The information is presented in a clear and concise graphical user interface (Illustration 3 and 4) that displays the maximum information needed to efficiently optimize electrical submersible pumps. an analyst can predict lifting cost per volume. and designing submersible pumps. etc. analyzing. declining reservoir pressure). and models discussed in the above text. This cost can be used to compare the profitability of electrical centrifugal submersible pumping to that of other artificial lift techniques – within an operating unit. Impact of changing fluids on pump operation. calculations. Careful monitoring of installed centrifugal pumping equipment can provide a number of advantages – including: • • • • • Identification of phenomena that create a system-equilibrium point outside the proper operating range of the pump. Armed with csSubsDesign. an analyst can compare a variety of equipment under a range of operating conditions to determine the preferable (most efficient. a csSubsDesign user can predict the equilibrium point of the installed equipment. optimize production. and equipment data.) equipment for a specific well. and better plan for replacement of deteriorating equipment. With the proper well. Changes in efficiency or lifting cost. Changes in reservoir deliverability – (skin. Case Services Tools Provide Design And Analysis In An Easy-To-Use GUI By putting the principles.Electrical Submersible Pump Analysis and Design Case Services. fluid. most profitable. Inc. the user can determine the suitability of a specific set of equipment to a given deployment. Pump mechanical deterioration. 05/30/01 Page 21 . In doing so. Through monitoring of the above criteria. lowest cost. csSubsDesign and csSubsAnalysis provide the detailed information needed for monitoring. proactive measures can be taken to lengthen pump run lives. Afforded with csSubsAnalysis that can calculate electrical loss for motor cables.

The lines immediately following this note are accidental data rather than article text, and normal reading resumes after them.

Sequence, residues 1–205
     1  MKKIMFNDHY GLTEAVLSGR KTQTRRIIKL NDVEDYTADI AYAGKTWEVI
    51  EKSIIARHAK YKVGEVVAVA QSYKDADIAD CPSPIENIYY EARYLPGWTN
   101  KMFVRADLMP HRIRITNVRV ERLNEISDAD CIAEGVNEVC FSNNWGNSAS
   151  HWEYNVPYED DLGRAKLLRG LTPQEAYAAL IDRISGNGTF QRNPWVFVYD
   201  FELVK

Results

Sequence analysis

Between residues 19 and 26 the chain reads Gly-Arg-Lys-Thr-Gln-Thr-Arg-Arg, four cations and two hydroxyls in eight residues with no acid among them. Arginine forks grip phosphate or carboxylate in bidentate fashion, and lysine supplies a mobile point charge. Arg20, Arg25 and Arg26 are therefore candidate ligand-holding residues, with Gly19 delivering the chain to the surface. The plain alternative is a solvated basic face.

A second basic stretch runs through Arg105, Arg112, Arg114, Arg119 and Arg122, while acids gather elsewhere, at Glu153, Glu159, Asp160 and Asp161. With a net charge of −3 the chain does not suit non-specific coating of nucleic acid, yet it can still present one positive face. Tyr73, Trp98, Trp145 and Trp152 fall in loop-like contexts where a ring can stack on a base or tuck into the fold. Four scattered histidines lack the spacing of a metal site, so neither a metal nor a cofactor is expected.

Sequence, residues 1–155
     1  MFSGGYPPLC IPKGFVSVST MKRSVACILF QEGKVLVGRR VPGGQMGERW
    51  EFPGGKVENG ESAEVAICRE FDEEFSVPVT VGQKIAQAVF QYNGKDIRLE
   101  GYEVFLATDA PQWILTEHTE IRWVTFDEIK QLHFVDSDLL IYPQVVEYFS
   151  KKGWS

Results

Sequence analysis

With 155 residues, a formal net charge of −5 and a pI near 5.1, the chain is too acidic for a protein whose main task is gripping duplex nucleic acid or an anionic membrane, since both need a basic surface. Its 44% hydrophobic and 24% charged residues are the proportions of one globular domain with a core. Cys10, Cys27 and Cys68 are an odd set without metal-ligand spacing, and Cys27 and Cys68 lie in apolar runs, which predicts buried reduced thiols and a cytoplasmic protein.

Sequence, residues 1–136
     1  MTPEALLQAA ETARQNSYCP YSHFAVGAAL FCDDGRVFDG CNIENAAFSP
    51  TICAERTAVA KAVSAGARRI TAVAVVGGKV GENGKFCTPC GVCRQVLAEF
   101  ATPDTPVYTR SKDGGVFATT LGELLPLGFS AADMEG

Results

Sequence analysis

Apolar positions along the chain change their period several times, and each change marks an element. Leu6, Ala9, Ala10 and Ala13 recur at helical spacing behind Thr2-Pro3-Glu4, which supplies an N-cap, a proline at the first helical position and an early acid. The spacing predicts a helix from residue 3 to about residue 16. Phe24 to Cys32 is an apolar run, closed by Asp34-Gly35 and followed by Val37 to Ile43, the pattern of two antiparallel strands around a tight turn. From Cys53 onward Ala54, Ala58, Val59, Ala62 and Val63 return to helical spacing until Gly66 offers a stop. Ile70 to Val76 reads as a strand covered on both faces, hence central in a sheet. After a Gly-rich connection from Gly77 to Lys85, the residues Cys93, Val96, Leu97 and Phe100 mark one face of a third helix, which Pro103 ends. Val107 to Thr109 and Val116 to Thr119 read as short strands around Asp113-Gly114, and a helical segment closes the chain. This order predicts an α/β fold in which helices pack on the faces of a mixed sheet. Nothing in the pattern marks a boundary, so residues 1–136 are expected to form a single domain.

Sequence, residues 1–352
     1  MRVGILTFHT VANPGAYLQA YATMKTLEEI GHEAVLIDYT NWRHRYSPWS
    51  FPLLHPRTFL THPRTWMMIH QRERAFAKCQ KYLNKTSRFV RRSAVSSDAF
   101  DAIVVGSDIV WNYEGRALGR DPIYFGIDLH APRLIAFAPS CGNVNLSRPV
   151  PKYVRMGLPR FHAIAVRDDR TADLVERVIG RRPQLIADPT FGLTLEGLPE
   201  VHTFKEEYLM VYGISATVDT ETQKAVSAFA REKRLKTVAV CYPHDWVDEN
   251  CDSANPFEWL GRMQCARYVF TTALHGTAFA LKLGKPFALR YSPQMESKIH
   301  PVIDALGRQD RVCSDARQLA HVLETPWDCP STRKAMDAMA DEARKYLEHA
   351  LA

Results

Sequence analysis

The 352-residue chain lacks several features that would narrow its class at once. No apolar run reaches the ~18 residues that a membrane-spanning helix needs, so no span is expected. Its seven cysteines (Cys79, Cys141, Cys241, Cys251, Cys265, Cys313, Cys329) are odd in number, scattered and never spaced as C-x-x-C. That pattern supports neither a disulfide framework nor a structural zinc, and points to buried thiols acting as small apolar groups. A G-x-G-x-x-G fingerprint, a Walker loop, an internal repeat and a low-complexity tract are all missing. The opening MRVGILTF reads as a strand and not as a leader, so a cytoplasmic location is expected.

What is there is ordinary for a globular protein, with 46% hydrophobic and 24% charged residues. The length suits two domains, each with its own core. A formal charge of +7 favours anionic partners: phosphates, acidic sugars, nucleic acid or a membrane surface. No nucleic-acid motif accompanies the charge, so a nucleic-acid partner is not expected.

Illustration 3 .csSubsDesign 05/30/01 Page 22 .Electrical Submersible Pump Analysis and Design Case Services. Inc.
caseservices. based in Houston. pioneered the market for single-source automation software for producing oil and gas fields. Illustration 4 .com www. 738 Highway 6 South Suite 800 Houston.csSubsAnalysis The combination of detailed technology and an easy-to-use interface makes the csSubs suite the right solution for optimization and maximum performance from ESPs. Inc. Case Services. Texas. Major oil and gas companies use this software to run over 15.com 05/30/01 Page 23 . Inc.000 wells around the world. Case Services. TX 77079 Phone: Fax: Email: Web Site: 281-497-0242 281-497-0683 info@caseservices.Electrical Submersible Pump Analysis and Design Case Services. As the leading provider of oil and gas production automation systems.
This action might not be possible to undo. Are you sure you want to continue?
We've moved you to where you read on your other device.
Get the full title to continue reading from where you left off, or restart the preview.